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LSI Logic's C-Cube bid part of home net push

Posted: 01 Jun 2001 ?? ?Print Version ?Bookmark and Share

Keywords:lsi logic? c-cube acquisition? home gateways? mpeg? arm9 core?

LSI Logic Corp.'s move to acquire C-Cube Microsystems Inc. is part of a larger strategy to amass key IP components before tackling the market for home-gateway ICs this year.

The $878 million C-Cube acquisition, expected to be completed next quarter, is seen by industry watchers as a way for LSI to add to its arsenal of intellectual property geared for the home gateway. C-Cube was a pioneer in developing the MPEG video compression formats, and its main target markets include DVD players, recordable DVD systems and video storage systems that can record TV programs for later playback.

"This deal makes a lot of sense, and it all ties into LSI's plans to develop broadband infrastructure," said Tony Massimini, chief of technology for Semico Research Corp. LSI plans to make a big splash later this year in the home-gateway market by introducing a standard IC that will target high-end stbs. Still under wraps, the highly integrated home-gateway device will bundle Ethernet switching, VoDSL and DSL used for data, LSI officials said.

Patent portfolio

With C-Cube under its wing, LSI should have a free hand in building video functionality into devices for set-top boxes or other home gateways. A look at C-Cube's patent portfolio shows that the company has 68 US patents related to video encoding and decoding going back to the early 1990s. That should shield LSI from competitors that may try to block LSI's push into video through legal maneuverings.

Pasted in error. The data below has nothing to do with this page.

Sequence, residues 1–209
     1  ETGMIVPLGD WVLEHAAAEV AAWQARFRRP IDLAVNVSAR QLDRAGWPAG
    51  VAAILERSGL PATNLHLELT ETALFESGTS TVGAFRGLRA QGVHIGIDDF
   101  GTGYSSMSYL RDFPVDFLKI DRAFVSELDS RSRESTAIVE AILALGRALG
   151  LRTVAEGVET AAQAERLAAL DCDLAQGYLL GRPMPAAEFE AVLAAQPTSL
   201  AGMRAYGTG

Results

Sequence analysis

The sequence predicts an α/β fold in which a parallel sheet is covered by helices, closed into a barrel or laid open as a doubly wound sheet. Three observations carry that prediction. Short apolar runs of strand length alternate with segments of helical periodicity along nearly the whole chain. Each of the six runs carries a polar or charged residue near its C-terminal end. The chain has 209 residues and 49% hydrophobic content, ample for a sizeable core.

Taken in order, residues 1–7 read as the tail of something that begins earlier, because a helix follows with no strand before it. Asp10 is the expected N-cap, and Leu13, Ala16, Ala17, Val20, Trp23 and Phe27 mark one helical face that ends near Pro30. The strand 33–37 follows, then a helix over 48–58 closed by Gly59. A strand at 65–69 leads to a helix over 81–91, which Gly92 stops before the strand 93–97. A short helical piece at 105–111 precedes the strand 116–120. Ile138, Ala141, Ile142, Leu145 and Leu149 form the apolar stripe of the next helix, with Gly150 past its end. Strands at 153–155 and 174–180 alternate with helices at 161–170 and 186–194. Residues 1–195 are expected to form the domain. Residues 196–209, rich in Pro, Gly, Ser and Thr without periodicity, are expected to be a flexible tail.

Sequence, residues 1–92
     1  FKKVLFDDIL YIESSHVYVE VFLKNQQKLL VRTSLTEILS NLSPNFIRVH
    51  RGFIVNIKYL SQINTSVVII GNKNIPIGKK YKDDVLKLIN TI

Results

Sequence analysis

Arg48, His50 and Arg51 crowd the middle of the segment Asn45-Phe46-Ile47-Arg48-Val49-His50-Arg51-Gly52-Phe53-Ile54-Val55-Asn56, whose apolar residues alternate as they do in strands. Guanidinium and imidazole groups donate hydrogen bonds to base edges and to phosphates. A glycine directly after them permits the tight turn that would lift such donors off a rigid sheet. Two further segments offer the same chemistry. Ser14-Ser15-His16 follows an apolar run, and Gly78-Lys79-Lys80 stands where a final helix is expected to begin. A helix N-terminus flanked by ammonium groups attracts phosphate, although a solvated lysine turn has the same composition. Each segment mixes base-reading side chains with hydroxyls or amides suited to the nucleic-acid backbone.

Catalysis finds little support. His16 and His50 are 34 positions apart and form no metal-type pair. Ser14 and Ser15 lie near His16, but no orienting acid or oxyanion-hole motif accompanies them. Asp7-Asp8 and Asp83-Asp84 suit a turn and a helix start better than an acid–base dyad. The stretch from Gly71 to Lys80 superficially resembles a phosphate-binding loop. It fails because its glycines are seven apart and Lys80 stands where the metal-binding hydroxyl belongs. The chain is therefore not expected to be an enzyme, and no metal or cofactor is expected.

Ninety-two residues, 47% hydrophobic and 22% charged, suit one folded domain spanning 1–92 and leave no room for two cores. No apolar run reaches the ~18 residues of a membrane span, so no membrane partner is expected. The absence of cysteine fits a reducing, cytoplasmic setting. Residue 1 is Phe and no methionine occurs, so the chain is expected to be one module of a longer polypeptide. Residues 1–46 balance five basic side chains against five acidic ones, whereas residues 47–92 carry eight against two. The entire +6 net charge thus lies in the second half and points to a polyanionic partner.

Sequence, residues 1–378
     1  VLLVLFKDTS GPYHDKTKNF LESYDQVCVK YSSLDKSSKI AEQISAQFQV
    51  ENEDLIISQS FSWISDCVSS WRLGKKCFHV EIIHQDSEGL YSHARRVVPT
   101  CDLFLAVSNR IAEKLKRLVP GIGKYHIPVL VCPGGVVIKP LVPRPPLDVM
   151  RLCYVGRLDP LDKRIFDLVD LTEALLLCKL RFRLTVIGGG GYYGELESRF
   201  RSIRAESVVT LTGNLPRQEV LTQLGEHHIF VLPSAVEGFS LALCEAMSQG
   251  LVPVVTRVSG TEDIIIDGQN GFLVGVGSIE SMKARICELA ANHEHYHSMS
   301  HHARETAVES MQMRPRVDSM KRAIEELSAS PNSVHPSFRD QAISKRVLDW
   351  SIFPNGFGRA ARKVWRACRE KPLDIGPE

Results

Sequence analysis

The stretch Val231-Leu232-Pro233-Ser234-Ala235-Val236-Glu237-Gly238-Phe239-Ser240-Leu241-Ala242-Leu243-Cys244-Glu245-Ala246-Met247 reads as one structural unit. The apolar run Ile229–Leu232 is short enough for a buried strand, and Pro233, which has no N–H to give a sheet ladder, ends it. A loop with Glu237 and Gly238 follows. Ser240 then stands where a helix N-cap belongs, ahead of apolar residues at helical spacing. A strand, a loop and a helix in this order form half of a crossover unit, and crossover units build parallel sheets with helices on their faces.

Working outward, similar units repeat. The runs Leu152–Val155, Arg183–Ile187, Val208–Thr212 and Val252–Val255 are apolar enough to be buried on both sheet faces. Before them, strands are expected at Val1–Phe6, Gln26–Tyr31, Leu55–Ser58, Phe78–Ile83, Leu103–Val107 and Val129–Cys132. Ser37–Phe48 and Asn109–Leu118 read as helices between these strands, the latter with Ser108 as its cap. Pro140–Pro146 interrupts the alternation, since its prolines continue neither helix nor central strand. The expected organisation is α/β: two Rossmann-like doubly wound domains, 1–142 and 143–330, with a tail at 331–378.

Just as important, LSI will have immediate access to C-Cube's long list of customers that make DVD players and set-top boxes. In set-tops, C-Cube counts JVC, Motorola, NEC, Nokia, Pace, Philips, Pioneer, Sharp, Sony and Zenith as customers. In DVD players, it boasts design wins in products from Acer, Aiwa, Hitachi, JVC, LG Electronics, Samsung and several manufacturers in China.

The upcoming LSI Logic gateway device will support up to eight channels of voice and will be capable of accessing both LANs and WANs.

Architecturally, it will include an ARM9 core running at 200MHz and a multitude of separate functional blocks, such as a discrete multi-tone engine and asynchronous transfer mode segmentation and reassembly. LSI also plans to add a wireless interface to the device, such as HomeRF or Bluetooth, in later implementations.

The device will be manufactured using the company's most advanced 0.13?m process technology, and is slated to be introduced by late 2001, Giuseppe Staffaroni, executive vice president for LSI's broadband communications group, said at a recent analyst conference in Phoenix.

"High-end set-top boxes will require two to three simultaneous TV channels, Internet and two to four voice channels. And it should have wireless capability to ease installation," he said.

LSI chairman and chief executive officer Wilfred Corrigan has expressed an eagerness to become more involved in broadband access to the home through STBs. "I think video to the home is going big time," he said. "If you are doing MPEG-1 over DSL, then MPEG-2 is going to be five times that bandwidth." Though ASICs will remain the core of LSI's business, products like the home-gateway chip underline a greater emphasis on standard products.

? Anthony Cataldo and Will Wade

EE Times

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